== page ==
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Inside Life Sciences

Using private prosecutions to tackle counterfeit drugs
Inside Life Sciences

Inside Life SciencesIssue 3 | November 2017

Date
08 November 2017

Gareth Minty Managing Associate (Barrister)

As rights holders, the protection of your brand and IP are of paramount importance.


Using private prosecutions to tackle counterfeit drugs

As rights holders, the protection of your brand and IP are of paramount importance. 

Individuals and organised crime groups that would target your work doubtless weigh up the prospects of success against the chances of being detected and, thereafter, the consequences that will befall them if they do get caught. 

They will be aware of the much-publicised reduction in policing and prosecutorial budgets, and likely will assume that the risk of prosecution – and therefore of imprisonment, and a confiscation order – is one they can live with. But such a calculation fails to take into account the possibility that the victim company may instead elect to bring its own criminal case via a private prosecution. 

However, there are one or two misconceptions surrounding the use of a private prosecution as part of your litigation strategy to combat serious criminality aimed at your company which should be dispelled.

  • You do not have to wait for the police to make a decision whether or not to investigate 

It is open to the victim to seek to commence criminal proceedings as soon as practicable after having been alerted to the offending involved. By bringing a private prosecution, you have the ability to drive forward criminal cases in a way that would not otherwise be available and can improve the likelihood of capturing the best evidence and causing maximum disruption. At the same time, however, you have not exhausted all of your options, and it remains open to you, at a later stage, to request that the Crown Prosecution Service exercise its statutory discretion to intervene and continue proceedings that you have commenced.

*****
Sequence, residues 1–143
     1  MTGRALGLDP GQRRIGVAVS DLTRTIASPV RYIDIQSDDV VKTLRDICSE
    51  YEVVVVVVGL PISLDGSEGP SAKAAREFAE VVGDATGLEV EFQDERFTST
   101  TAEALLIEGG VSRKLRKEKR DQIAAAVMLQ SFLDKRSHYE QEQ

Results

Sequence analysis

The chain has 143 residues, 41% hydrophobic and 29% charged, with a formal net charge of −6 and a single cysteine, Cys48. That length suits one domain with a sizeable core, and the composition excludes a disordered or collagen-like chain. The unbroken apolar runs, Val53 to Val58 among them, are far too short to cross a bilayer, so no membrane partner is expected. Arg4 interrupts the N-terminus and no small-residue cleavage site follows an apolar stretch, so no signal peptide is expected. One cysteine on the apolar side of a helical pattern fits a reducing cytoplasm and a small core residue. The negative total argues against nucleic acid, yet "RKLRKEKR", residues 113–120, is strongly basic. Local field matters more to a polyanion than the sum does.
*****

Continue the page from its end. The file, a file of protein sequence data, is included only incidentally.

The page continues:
• You do not have to bring the proceedings in your own name

We understand that, for some clients, there is a conflict between wanting to take a hard line whilst at the same time not wanting to do so in such a public fashion. For that reason, we are building effective relationships with professional organisations that will bring not only their expertise and reputation to an investigation, but also their name. As a consequence, the victim company has a choice whether or not to have the criminal proceedings brought in its own name or that of the third party. Either way, you are able to send a strong message to organised criminals that you, the rights owner, are not a soft target.

  • You will not have to pay the defendant's costs, whether you win or lose

If the case is brought and conducted in good faith, with no improper conduct on the part of the prosecutor, the private prosecutor will not have to pay the defendant's costs, irrespective of the outcome of the case. A further significant feature of such proceedings is that the private prosecutor can apply for its own costs, even if the defendant is acquitted. 

  • You do not have to choose between either civil or criminal proceedings

Finally, the interplay between criminal and civil proceedings can sometimes be misunderstood by police officers and victims alike, with the result that there is a myth that a victim of crime must choose between pursuing either one or the other. In fact, there is nothing to prevent a victim electing to utilise criminal and civil processes concurrently, whether that is in relation to the same suspect or, for example, when dealing with an organised crime group in which different approaches may be taken for the various individuals involved, depending on their respective roles and culpability.